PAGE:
Ericsson's Vestberg talks competition, new customers and where innovation will happen next



with Hans Vestberg, president and CEO of Ericsson

Ericsson (NASDAQ:ERIC) President and CEO Hans Vestberg is considered a transformative leader for how he helped this once staid infrastructure company innovate despite the rapidly declining telecom equipment market. Under Vestberg's leadership, Ericsson expanded its portfolio and moved into new areas by acquiring BSS/OSS firm Telcordia in 2012 and by purchasing Microsoft's (NASDAQ:MSFT) MediaRoom, a media platform company, in 2013.

Recently, the dynamic CEO has been rumored to be in the running to lead Microsoft, which is searching for a new CEO after Steve Ballmer announced his impending retirement. Neither Ericsson nor Vestberg have commented on that rumor.

Vestberg recently sat down with FierceWirelessTech Editor in Chief Sue Marek at the 2014 Consumer Electronics Show, where he talked about his vision of the networked society, his views on competition and where he thinks the next big wireless innovations will occur. Here's an excerpt of that interview.

FierceWirelessTech: You recently said on a panel at the Consumer Electronics Show that your customers are changing. Can you elaborate on how and why they are changing? And also, what does that mean for Ericsson as an organization? 

Vestberg: Yes, I believe we are in Phase 2 of the networked society. Phase 1 was building the networks and now we are enabling the networks. The winners in Phase 1 will not necessarily be the winners in Phase 2.

What I'm seeing right now is three different types of operators. First there is the network developer. Second there is the service enabler and third there is the service creator.

The network developer is letting things happen on top of the network. They will have a fixed price for broadband, but they are not going to get into other industries.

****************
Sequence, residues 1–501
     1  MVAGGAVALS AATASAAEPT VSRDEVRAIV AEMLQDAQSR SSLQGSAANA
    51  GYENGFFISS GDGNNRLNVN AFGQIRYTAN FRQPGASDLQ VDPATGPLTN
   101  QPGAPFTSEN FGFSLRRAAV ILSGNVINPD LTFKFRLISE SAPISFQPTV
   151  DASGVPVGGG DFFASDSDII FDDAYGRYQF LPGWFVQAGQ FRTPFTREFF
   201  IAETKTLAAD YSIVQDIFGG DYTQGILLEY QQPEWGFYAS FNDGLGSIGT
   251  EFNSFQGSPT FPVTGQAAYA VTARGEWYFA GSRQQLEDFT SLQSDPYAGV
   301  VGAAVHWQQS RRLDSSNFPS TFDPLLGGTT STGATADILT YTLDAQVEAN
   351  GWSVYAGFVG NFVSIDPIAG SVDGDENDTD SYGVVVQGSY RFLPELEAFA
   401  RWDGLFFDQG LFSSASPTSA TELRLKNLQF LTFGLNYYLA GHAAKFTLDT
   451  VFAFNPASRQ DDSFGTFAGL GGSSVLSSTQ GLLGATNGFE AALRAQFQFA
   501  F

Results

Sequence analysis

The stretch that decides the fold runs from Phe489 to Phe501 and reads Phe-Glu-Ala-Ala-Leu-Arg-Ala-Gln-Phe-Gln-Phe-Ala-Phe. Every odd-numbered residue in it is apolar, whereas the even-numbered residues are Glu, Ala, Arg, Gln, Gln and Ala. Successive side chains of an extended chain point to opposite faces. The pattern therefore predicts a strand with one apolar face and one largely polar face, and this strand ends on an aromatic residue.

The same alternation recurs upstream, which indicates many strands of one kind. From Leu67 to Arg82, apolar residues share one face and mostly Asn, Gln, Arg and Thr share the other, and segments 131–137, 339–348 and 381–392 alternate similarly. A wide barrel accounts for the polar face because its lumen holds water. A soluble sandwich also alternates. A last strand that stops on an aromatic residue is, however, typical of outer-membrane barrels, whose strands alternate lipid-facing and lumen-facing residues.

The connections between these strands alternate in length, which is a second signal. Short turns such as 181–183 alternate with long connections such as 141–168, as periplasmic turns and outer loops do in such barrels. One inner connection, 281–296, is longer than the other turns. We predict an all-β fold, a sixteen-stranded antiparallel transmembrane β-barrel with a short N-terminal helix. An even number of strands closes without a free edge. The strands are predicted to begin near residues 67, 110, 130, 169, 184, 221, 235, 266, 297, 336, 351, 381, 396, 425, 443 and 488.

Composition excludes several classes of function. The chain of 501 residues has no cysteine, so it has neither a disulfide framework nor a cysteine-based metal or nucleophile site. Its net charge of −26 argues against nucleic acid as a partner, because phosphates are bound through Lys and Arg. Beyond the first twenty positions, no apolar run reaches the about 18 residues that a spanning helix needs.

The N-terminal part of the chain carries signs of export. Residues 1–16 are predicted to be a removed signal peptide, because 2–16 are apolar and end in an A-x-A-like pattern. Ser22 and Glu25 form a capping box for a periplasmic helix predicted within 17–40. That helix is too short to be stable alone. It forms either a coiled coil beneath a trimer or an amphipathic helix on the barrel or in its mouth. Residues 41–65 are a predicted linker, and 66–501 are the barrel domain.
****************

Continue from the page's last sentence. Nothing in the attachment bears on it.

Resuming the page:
The other is service creator. These network operators are spending a lot on the network. It needs to be smarter for what they do. They are changing all their platforms that they have for voice--for example, they are changing their billing systems and their OSS systems. They are going into new industries with new services. They are in healthcare, home security; they have their own devices and software. 

In the middle, you have the service enabler. This is the carrier with the network and they will charge differently for different types of users, but they will not get into other industries. They may have the ability to charge differently for different network latency so they set up platforms to show the latency.

These are the three different types of operators that we are seeing now. I can map all operators in the world into this scenario.

But this is why I'm getting into the OSS/BSS--and this is why I bought Telcordia. You have to be able to help the ones that are doing new innovations to get new revenue streams. That's why Ericsson is doing IPTV, M2M and developing other platforms.

FierceWirelessTech: But this takes a lot of investment--in people and technology.

Vestberg: You can go the other way also. This is not exclusive for operators. There are some companies that are, for example, Internet companies that then become wireless operators. 

This also requires change and investment. You have to transform constantly and quickly. And as a global company, that's difficult to do.

FierceWirelessTech: How do you accommodate for all this change? You have to make acquisitions but how do you get all these different parts that you need? You have to acquire or expand or partner.